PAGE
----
by Jamie Pastor Bolnick
Book&Arts Press, 2010
Review by Beth T. Cholette, Ph.D. on Jul 27th 2010
Winnie: My Life in the Institution is a newly-released softcover Second Edition. This fascinating little book was originally published in 1985, but despite being made into an NBC "Movie of the Week" staring Meredith Baxter (Birney), Winnie's story remained out-of-print for twenty-five years. It has been brought back to life here by author Jamie Pastor Bolnick and Book &rts Press.
Winnie is Winifred (actually Gywnna, as readers come to know later) Sprockett. In 1938, when she was just six years old, Winnie's foster mother, Mrs. Kruller, told her she was going away. She had Winnie pack her things, leaving behind her three older sisters and her dog, and she took Winnie on a very long car ride. When they arrived at their destination, Mrs. Kruller left Winnie with no explanation, causing Winnie to become confused and distraught. Eventually, Winnie began to understand that she had been left at "the institution" (a state institution for mentally retarded females). In the days that followed, Winnie was forced to share a room with many other children, wear ill-fitting clothes, take public baths, and have all of her hair cut off. Shortly thereafter, however, Winnie begins to adjust--not only does she make friends, but also she learns basic skills, such as how to dress herself and to brush her teeth. When she turns eight, Winnie also starts to attend the institution's school, where she studies hard in hopes of learning to read asks her teacher for extra help to improve her speech.
Sadly, visits from Winnie's family were few and far between, at least until her oldest sister, Gladys, was able to re-connect with Winnie on her own. And while life in the institution could be difficult--from the conflicts with the other girls to the lack of stimulation to the outright abuse by a few of the attendants--it was all Winnie knew, at least until she was about 30 years old. At that point, she was given a trial in a supervised nursing home placement, and although she briefly enjoyed this new-found freedom, she eventually became overwhelmed and requested to be returned to the institution. Ultimately, Winnie remained institutionalized for her entire life. Prior to her death, however, Winnie wrote a book about her experiences, which she originally titled My Growing Up in the Institution. Unfortunately, Winnie never got to see her book published: she passed away in 1976, at the young age of 44.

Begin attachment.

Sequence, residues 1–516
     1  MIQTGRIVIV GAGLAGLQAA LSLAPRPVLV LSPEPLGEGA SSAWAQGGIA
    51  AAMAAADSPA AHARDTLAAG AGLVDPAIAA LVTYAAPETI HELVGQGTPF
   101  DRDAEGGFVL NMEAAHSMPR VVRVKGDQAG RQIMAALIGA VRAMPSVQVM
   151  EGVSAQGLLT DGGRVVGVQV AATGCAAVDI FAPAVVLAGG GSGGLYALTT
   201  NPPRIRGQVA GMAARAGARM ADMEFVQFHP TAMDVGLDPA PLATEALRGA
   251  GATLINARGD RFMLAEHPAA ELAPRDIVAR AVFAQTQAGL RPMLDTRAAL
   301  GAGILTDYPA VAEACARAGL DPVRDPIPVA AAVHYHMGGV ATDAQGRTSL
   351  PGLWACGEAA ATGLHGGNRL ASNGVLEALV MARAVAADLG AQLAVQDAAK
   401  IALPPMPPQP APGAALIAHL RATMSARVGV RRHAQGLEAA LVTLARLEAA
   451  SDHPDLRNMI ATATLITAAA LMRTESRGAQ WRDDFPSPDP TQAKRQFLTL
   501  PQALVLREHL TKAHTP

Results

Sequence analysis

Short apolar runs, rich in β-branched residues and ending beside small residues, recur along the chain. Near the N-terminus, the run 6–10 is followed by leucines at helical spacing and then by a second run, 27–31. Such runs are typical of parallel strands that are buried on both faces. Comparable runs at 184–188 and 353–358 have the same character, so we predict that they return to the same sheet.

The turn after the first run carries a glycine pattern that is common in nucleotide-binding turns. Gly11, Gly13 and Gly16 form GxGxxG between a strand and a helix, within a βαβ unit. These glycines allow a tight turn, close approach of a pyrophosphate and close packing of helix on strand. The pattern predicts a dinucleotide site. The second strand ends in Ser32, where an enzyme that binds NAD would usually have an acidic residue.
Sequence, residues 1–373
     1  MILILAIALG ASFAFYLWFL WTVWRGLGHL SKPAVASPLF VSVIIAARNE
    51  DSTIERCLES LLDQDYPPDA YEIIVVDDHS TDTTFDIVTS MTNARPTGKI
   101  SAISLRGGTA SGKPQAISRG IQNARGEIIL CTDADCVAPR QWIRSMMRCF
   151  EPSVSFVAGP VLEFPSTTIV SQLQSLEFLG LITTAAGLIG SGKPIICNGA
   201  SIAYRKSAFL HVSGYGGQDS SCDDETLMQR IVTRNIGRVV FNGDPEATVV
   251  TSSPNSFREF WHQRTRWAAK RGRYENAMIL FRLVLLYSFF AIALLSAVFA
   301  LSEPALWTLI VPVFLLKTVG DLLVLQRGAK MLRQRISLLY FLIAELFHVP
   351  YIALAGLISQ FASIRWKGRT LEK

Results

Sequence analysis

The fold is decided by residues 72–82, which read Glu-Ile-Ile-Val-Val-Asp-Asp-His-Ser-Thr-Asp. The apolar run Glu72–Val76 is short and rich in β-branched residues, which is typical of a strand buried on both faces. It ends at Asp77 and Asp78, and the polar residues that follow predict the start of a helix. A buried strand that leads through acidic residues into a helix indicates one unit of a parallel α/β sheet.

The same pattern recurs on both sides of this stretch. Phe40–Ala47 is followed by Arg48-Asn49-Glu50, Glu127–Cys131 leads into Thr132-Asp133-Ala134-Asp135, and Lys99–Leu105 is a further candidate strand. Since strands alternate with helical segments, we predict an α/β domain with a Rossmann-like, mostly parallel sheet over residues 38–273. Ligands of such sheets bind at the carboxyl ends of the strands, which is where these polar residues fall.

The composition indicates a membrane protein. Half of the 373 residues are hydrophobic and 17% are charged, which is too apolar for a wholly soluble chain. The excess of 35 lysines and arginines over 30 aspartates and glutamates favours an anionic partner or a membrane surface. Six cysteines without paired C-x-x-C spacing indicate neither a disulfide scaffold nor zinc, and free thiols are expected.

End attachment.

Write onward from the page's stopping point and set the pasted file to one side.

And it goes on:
Winnie's original book was just 28 hand-written pages long. Just how, one might wonder, do 28 pages become a 220-page book? Author Jamie Pastor Bolnick, who first came to know Winnie as a young girl visiting the institution, explains in her introduction that she spent many hours interviewing Winnie. To write this book, Pastor combined these tape-recorded interviews with Winnie's actual written words (excerpts of which are reproduced at the start of each chapter) and then put everything in first-person, present-tense. The resulting pages printed here are, according to Pastor "Winnie's voice and Winnie's story." So, if this is the case, why no author's credit for Winnie? I would have liked to have seen the author's byline read "By Winnie Sprockett, as told to Jamie Pastor Bolnick," or perhaps "The Story of Winnie Sprockett, edited by Jamie Pastor Bolnick." Given that Winnie entrusted Bolnick to ensure that her book would be "in public," wouldn't she have wanted her full name to be on her book's cover?
One final note. Throughout Winnie's tale, there is the suggestion that she might be "retarded." In fact, in Winnie's own preface to her original work, she mentions that the reason she wrote her book was because of her brother-in-law, Willy, who called her mentally retarded to her face; she states that writing a book would make people see her as smart. Yet as Bolnick points out, Winnie documented IQ suggests that she did in fact have at least a mild mental retardation. Sadly, had she been born today, Winnie very likely could have lived at home as a child, attending special needs classes and perhaps moving to a group home placement as an adult. Even in her own day and age, the misfortune of her parents' early death (combined with her own nervous temperament) likely changed the course of her life. Does that make Winnie's story a tragic tale? Perhaps, or perhaps, as the dedication suggests, simply one of what might have been.
© 2010 Beth Cholette
Beth Cholette, Ph.D., is a clinical psychologist who provides psychotherapy to college students.